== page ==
Ofsted document reference 140074
The age at which children are expected to be school ready is 4 / 5 – so Ofsted are talking about children going into their reception year at school. However, this age range is taken from anecdotal evidence – I am not aware of a nationally agreed age definition.
The ‘Are you Ready?’ document starts with lots of negatives – Ofsted tell us that children are not ready for school, especially when they come from deprived areas or poor families. I noted when reading that there is no mention of schools being ready for children – the expectation is very much on ensuring the children are ready for school and parents and providers working together to enable them to start learning from their first days in school.
The key to ensuring school readiness, in a nutshell, is to quickly* note the child’s starting points and use strategies to support their learning (the focus is on adult led and adult guided teaching), while also working closely with parents to develop home learning.
* Ofsted inspectors are translating ‘quickly’ as ‘within a few days’. Later in the document it says that the most successful providers start individual planning ‘from the moment children started’.
The settings where children are most ready for school ensure starting points information includes details about the child’s learning, routines, emotions, behaviour, likes and dislikes, developmental milestones etc. They then use this information to immediately respond to their needs because they already know the children well when they start. Most childminders then do a few of their own baseline assessments against the EYFS prime areas of learning and go straight into individual planning.
There are some parts of the ‘Are you Ready?’ document which are not relevant to childminders, such as inviting parents to attend play and language workshops or evening meetings to talk about school readiness… however, there are lots of other good ideas. I intend working through them and making sure I can show evidence of how I use each of the suggestions in our provision. I will then write an action plan to tackle anything I have missed – this is how I do my CPD to ensure our provision is constantly improving and raising outcomes for the children.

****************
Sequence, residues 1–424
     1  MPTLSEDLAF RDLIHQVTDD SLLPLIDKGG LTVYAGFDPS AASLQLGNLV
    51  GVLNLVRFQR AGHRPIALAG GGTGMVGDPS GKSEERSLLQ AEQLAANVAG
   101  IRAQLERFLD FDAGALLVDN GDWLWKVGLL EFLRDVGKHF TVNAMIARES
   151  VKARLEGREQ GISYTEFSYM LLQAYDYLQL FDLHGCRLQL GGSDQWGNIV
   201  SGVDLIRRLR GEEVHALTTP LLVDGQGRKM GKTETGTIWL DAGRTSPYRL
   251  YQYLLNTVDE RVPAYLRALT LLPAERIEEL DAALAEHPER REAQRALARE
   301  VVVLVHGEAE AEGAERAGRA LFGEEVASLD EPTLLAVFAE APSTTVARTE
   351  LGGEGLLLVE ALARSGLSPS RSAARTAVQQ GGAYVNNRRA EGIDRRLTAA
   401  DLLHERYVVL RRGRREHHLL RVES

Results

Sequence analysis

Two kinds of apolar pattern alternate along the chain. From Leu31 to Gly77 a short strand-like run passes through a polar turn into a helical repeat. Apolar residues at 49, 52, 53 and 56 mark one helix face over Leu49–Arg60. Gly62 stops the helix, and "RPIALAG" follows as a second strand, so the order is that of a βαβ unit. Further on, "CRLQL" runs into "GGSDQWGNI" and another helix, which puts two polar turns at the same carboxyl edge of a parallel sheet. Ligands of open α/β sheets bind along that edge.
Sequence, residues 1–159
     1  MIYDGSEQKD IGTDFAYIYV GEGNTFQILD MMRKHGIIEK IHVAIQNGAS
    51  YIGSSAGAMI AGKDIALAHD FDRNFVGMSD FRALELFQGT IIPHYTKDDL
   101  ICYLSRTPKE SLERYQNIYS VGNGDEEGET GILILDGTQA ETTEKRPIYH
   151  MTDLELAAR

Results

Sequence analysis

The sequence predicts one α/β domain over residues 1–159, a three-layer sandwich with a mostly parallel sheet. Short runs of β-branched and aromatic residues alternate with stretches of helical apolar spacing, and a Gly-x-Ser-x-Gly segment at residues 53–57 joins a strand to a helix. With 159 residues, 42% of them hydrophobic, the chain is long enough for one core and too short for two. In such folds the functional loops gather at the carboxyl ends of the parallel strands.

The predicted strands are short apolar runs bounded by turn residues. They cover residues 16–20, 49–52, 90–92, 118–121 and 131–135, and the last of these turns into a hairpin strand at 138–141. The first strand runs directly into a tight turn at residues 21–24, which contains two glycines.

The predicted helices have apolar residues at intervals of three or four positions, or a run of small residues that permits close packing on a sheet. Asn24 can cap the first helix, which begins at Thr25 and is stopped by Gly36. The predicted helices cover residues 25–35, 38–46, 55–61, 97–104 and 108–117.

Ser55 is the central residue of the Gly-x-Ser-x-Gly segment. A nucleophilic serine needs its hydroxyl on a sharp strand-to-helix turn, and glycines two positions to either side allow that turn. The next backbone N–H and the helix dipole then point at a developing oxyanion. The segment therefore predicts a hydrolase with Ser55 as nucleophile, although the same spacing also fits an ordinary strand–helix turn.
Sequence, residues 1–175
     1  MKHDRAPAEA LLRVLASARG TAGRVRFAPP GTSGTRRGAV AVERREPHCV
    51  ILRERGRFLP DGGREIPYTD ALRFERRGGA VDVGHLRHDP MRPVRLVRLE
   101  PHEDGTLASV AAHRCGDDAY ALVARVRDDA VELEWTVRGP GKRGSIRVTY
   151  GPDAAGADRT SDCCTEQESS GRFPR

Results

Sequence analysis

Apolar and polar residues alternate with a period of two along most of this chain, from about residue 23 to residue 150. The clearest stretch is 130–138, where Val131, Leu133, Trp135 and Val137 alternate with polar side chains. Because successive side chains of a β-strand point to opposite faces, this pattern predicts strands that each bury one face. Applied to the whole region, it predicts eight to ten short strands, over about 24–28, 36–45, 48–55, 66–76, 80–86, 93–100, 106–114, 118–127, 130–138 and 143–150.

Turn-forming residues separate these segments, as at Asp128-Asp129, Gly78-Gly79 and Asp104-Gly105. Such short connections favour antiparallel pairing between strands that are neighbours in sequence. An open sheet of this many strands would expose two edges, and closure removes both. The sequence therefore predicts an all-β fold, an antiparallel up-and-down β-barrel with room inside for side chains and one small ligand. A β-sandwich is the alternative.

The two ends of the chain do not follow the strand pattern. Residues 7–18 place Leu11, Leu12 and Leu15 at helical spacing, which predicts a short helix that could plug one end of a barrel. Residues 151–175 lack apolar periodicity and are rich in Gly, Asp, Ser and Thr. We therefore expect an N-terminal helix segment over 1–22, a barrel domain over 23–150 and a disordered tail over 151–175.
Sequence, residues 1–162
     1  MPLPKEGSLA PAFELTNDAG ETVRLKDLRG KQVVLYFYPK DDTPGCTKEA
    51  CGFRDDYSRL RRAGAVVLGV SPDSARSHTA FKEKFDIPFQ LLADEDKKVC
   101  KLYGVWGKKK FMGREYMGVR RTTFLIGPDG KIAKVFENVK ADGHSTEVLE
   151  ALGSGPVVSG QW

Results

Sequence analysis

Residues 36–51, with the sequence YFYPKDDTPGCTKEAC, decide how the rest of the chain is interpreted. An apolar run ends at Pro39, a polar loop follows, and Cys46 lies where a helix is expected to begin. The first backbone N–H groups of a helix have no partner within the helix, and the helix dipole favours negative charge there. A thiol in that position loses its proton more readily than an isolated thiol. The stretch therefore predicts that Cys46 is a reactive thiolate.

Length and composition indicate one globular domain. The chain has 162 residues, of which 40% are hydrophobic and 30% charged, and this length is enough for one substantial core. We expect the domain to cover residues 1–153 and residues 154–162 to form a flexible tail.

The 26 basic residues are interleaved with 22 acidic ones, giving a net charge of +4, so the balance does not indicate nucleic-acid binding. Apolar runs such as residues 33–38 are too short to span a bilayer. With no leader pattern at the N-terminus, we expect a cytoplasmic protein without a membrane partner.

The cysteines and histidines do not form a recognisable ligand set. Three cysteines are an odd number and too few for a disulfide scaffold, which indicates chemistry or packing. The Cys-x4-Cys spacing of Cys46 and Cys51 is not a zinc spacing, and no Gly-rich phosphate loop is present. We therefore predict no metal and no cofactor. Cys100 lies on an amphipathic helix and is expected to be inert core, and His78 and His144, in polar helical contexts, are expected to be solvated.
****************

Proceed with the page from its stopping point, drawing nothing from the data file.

The ‘Are you ready? Good practice in school readiness’ document states that in the most successful transitions, the adults involved in the child’s care – including childminders, nurseries etc -
· Provide parents with information about getting their child ready for school.
· Help parents to understand the importance of encouraging independence and self-help skills.
· Engage parents with their Children’s Centre, especially if there is a concern about the child because the CC can signpost them to other agencies.
· Focus on the prime areas of learning until they are well established for every child, using the specific areas to support learning in the prime. For example, books (literacy) will promote communication and language development, as will activities chosen from other areas of learning such as colour mixing (art and design), planting flowers (understanding the world), role play (art and design), counting and sorting (maths) etc.
· Present good role models and promote conversation in all areas of provision – role play, question and answer sessions (using open questions to encourage longer answers) etc. Many childminders use speech and language programmes such as ‘Toddler Talk’ to support children’s listening, language and communication skills.
· Plan one-to-one or small group adult planned sessions with pre-school children to promote their development in the prime areas of learning. At the end of the session, it is always useful to reflect on how well the session met the needs of each child and consider what changes need to be made next day to support the child further. This does not necessarily need to be written down – but you should be able to explain how you aim to continuously improve what you do to raise outcomes for every child.
· Monitor children’s progress very carefully so that, as soon as they have established and practiced a new skill or gained new knowledge, next steps activities are put in place to support them to develop further. This means you need to use Early Years Outcomes as a monitoring tool, regularly checking to make sure the children are making good progress.
· Join in with children’s play and model speaking and listening, playing their games and following their lead. For example, when the children are playing vets, you can be the vet, receptionist or the animal to model language and stretch their learning through their self-chosen play scenario.